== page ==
The Church of the Nazarene’s stance on LGBTQIA+ people and their relationships can affect their mental health. The Trevor Project references two recent studies by Johns et al that show LGBTQ young people are more than four times as likely as their peers to attempt suicide. In the same time frame, The Trevor Project surveyed LGBTQ youth and found that youth who report having at least one accepting adult were 40% less likely to report a suicide attempt in the last year. Death by suicide. A life lost—possibly preventable by the presence of accepting adults. I know LGBTQIA+ young adults who have experienced suicidal ideations. I can’t imagine the pain of losing them. I don’t want anyone to lose a family member or friend because that individual felt more welcome in death than in life. If the church can take steps to prevent pain, why doesn’t it? “Love does no harm to a neighbor.” (Romans 13:10 NIV) The church’s part in the hopelessness felt in the LGBTQIA+ community makes me angry.
So, what can the Church of the Nazarene do? It can become fully affirming. Fully. Accept members of the LGBTQIA+ community as people made in the image of God who have gifts to share and love to give. Who are we to say who God can or cannot use, anyway? Do we dare to limit God by not allowing members of the LGBTQIA+ community to serve in leadership positions in church? Invite LGBTQIA+ laypeople to serve as Sunday School teachers, sing in the choir, and become members of the church board. Welcome LGBTQIA+ pastors and their families as God’s leaders of local churches. Just as the early church eliminated the requirement for circumcision (see Acts 15), eliminate the stigma placed on our LGBTQIA+ neighbors. Save a teen from contemplating the value of their life as a gay person. Accept them! Give hope to those in the LGBTQIA+ community who feel a call to Christian ministry. Encourage them! Acknowledge that a faithful homosexual relationship can be as much of a marriage as a heterosexual one. Celebrate with them! “Dear children, don’t just talk about love. Put your love into action. Then it will truly be love.” (1 John 3:18 NIRV)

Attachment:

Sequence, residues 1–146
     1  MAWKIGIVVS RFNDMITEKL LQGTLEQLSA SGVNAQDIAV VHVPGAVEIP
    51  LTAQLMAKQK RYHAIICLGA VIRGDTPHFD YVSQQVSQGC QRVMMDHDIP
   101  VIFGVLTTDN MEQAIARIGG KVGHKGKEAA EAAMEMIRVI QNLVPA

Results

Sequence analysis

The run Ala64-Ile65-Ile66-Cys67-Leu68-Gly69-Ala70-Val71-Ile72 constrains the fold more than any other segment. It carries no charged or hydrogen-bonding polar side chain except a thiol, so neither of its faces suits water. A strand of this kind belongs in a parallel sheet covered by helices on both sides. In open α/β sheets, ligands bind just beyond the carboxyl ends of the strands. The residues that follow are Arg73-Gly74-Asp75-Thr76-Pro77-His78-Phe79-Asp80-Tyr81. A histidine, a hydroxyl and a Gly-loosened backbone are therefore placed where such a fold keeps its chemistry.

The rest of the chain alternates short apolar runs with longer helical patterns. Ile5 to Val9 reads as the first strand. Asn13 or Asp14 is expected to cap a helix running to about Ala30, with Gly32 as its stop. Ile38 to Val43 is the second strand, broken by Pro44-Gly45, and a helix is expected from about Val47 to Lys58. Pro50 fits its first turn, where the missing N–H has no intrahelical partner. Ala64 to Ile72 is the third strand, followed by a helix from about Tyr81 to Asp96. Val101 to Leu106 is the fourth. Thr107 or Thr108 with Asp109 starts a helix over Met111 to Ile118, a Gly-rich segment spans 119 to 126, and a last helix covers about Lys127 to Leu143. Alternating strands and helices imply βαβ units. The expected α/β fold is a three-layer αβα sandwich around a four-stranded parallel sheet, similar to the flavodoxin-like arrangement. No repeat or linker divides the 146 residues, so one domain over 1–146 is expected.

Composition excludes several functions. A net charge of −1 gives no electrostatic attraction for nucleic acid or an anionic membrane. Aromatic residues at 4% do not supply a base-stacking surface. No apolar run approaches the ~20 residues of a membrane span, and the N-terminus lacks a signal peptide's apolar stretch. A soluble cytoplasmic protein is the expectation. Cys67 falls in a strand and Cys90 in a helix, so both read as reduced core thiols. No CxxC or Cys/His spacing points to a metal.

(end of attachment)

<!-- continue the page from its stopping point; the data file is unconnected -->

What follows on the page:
I have a call on my life to love the marginalized. This includes those marginalized by their race, religion, gender, and immigration status. However, my main focus—one that has been confirmed over and over as a call of God—is the LGBTQIA+ community. Just as the sower in Jesus’s parable recklessly sowed the seed, I am to recklessly love. I am not to judge the worthiness of the ground on which the seed of love lands. I am not to sow only on the good soil. I am to follow God’s command to love. It is freeing! Ask yourself, “How can I love with the love of God? What must I do to show God’s love to others?” God’s love is boundless. My heart hopes that you will open yourself to loving everyone as beings created in the image of God. I pray that there will be more heart mending and less heartbreaking. I desire peace and hope for all of us.
“A new command I give you: Love one another. As I have loved you, so you must love one another.” (John 13:34 NIV)
Sharon Stueckle is a wife, mom, friend, and teacher with a big heart for the marginalized. Her goal in life is to spread love recklessly and to be a part of God’s kingdom business here on Earth. She is a member of Trevecca Community Church of the Nazarene in Nashville, Tennessee.